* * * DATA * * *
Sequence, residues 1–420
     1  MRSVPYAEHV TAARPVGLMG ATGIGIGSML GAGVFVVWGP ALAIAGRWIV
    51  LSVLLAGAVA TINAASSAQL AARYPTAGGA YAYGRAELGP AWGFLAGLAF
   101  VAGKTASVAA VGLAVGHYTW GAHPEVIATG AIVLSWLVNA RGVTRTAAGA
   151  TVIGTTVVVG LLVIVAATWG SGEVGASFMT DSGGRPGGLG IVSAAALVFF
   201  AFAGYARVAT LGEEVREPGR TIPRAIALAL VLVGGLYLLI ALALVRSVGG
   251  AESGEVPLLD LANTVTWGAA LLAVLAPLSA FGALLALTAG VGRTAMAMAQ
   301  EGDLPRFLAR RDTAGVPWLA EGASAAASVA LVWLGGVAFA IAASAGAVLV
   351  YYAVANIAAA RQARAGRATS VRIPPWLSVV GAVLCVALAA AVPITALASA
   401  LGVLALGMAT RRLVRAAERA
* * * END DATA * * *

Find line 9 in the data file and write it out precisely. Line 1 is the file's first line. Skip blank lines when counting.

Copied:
   351  YYAVANIAAA RQARAGRATS VRIPPWLSVV GAVLCVALAA AVPITALASA